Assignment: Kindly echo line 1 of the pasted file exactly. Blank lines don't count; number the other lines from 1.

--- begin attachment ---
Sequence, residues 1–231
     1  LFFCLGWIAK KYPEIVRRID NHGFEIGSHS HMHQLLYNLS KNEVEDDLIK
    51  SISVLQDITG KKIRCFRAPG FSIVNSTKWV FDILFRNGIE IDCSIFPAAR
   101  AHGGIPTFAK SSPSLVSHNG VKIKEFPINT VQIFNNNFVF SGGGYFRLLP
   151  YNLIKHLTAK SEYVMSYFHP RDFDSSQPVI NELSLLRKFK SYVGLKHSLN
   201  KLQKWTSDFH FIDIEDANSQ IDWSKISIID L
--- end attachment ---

Sequence, residues 1–231